"Prophecies" are inspired declarations of divine will or purpose, according to Merriam-Webster. Synonyms are along the lines of predicting, prognosticating, foretelling and the like.
This has been rattling in my brain since early this weekend. I was present at Friends General Conference's Central Committee - a wonderful gathering of inspiring people who have accomplished a lot, cumulatively, over the course of their varying lengths of lives. As a collective body, however, I left wondering whether we are caught in a system that is less than the sum of our parts. A gelling, jarring and telling moment came when the word "prophetic" was used in describing one of the program proposals. Without going into too great detail, this had to do with a proposal to upgrade the web-presence of the organization so that its messages and communications can be more egalitarian and timely. I had to be honest (and spoke to this at the gathering): upgrading the web presence and technology is essential to today's world, and, given that we are now wrapping up 2010, this can hardly be considered "prophetic". "It's about time" is more appropriate although, given the challenges on the road ahead for FGC, and the fact that the plan calls for this process to take 3-5 years, "too late" might be even more apt.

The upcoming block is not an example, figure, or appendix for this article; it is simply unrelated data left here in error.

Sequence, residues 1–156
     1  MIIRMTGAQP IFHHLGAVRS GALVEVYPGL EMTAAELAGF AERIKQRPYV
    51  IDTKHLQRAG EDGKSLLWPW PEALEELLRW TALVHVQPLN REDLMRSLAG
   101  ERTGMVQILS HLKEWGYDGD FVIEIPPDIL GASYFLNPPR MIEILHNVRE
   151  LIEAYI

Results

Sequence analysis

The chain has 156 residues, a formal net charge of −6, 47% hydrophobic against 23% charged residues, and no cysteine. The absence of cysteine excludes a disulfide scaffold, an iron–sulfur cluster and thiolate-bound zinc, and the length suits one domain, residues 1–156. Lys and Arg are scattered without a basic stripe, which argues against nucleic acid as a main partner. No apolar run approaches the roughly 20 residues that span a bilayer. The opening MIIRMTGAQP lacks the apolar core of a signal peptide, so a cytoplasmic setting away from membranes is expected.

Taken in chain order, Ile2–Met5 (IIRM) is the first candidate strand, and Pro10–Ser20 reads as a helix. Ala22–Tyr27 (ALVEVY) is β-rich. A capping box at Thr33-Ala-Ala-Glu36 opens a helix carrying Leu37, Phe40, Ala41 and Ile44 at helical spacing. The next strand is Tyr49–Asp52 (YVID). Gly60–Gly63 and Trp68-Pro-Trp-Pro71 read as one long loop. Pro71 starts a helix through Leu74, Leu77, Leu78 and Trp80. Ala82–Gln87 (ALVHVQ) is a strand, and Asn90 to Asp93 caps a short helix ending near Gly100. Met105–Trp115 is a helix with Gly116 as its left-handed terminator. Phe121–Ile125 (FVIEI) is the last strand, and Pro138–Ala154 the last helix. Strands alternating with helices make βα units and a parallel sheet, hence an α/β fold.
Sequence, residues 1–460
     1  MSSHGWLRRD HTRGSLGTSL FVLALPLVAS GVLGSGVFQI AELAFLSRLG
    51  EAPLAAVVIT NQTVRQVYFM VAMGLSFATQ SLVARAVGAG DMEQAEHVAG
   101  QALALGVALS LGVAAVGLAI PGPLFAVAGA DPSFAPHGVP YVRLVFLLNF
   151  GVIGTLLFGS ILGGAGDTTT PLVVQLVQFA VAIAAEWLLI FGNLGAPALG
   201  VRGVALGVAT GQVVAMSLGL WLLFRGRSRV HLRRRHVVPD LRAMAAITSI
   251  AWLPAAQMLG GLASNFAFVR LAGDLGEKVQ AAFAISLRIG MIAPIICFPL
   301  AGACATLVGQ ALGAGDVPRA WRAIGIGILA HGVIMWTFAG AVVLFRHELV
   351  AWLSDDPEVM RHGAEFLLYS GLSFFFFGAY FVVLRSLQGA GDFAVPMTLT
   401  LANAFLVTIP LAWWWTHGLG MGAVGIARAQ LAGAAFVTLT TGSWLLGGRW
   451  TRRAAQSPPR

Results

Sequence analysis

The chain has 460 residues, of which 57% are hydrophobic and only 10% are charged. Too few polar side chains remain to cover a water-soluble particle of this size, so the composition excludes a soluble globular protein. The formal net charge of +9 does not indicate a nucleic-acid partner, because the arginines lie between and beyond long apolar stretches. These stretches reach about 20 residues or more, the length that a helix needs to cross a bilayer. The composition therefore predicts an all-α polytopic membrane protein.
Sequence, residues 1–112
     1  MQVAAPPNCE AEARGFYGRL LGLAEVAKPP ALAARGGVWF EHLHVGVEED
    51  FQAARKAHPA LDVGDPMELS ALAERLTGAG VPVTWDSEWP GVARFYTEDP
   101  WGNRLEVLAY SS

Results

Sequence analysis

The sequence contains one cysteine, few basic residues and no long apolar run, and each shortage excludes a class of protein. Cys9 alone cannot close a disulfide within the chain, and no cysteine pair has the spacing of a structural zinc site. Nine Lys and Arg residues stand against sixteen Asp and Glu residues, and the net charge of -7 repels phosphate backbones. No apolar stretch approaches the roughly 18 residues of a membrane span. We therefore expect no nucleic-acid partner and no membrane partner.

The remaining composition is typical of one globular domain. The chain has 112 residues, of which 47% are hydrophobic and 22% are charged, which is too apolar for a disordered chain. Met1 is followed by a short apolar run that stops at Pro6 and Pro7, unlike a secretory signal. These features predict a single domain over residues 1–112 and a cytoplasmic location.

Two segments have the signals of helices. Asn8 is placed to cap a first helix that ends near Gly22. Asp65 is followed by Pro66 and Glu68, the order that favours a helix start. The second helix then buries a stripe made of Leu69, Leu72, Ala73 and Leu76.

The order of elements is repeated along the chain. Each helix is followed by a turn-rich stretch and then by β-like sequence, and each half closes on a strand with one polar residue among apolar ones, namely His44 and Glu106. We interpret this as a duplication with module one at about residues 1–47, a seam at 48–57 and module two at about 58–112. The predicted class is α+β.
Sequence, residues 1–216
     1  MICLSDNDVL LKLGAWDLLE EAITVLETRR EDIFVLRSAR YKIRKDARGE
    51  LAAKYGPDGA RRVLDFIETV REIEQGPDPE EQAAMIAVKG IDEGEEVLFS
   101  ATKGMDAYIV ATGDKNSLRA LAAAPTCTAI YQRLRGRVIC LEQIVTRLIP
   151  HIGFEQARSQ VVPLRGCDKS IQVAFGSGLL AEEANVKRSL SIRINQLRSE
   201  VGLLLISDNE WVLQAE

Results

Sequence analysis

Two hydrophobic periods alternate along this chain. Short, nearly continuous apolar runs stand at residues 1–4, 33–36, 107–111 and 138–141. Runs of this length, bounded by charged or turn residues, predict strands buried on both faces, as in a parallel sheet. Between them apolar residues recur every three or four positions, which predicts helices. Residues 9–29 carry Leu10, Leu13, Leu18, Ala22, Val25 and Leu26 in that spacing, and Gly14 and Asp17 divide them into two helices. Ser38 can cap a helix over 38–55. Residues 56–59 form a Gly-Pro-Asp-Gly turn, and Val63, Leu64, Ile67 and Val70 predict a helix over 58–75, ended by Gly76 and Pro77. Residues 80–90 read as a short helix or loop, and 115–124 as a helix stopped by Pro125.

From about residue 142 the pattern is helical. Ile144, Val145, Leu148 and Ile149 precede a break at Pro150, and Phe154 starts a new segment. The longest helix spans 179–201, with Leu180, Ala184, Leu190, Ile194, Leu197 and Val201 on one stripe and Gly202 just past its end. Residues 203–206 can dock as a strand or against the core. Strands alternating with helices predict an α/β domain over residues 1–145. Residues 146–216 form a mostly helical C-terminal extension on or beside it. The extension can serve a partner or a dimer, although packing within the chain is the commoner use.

One of the Quaker testimonies is "Community". There are only 5 testimonies. Technology has profoundly changed the face and networks of the global community, how things get communicated and how things get done. It is a wonder what community FGC has had a covenant with that it finds itself, technologically, this far behind the times. I wonder if this is not reflective of a deeper challenge not just of FGC, but of all the Religious Society of Friends, and our corporate process. Certainly, among Friends, there are countless folks out in the cyber-world active and engaged. Why have none of the governing bodies of Friends (FUM, EFI, FGC) embraced some of this energy and integrated it into their web-world?
Beyond the mere integration and adaptation issue, for FGC-Friends, I am troubled by the use of the word "Prophetic" as a self-descriptive term. To what extent are we, as Friends, so enamored with our prophetic, cutting-edge and radically-progressive past that we are completely blinded to our present? We talk about embracing diversity, but there was more diversity at the local bar in New Windsor with 20 people than at Central Committee with a gathering of 150+ Friends (I'm talking real numbers, not proportions). I continue to find little movement among Friends in promoting HIV-testing - a small thing that we could do to show greater unity in our communities. To not do so is an act of white-privilege, especially here in DC. I increasingly feel that their are a rising number of Quakers who are and can be prophetic, and some of their messages of the need for change are directed not at the outer-world but at the Friends institutions themselves. If what I witnessed this weekend is any indication, these institutions have a long way to go before their actions can really join the world in sharing prophetic messages again.
Embracing our enormous power
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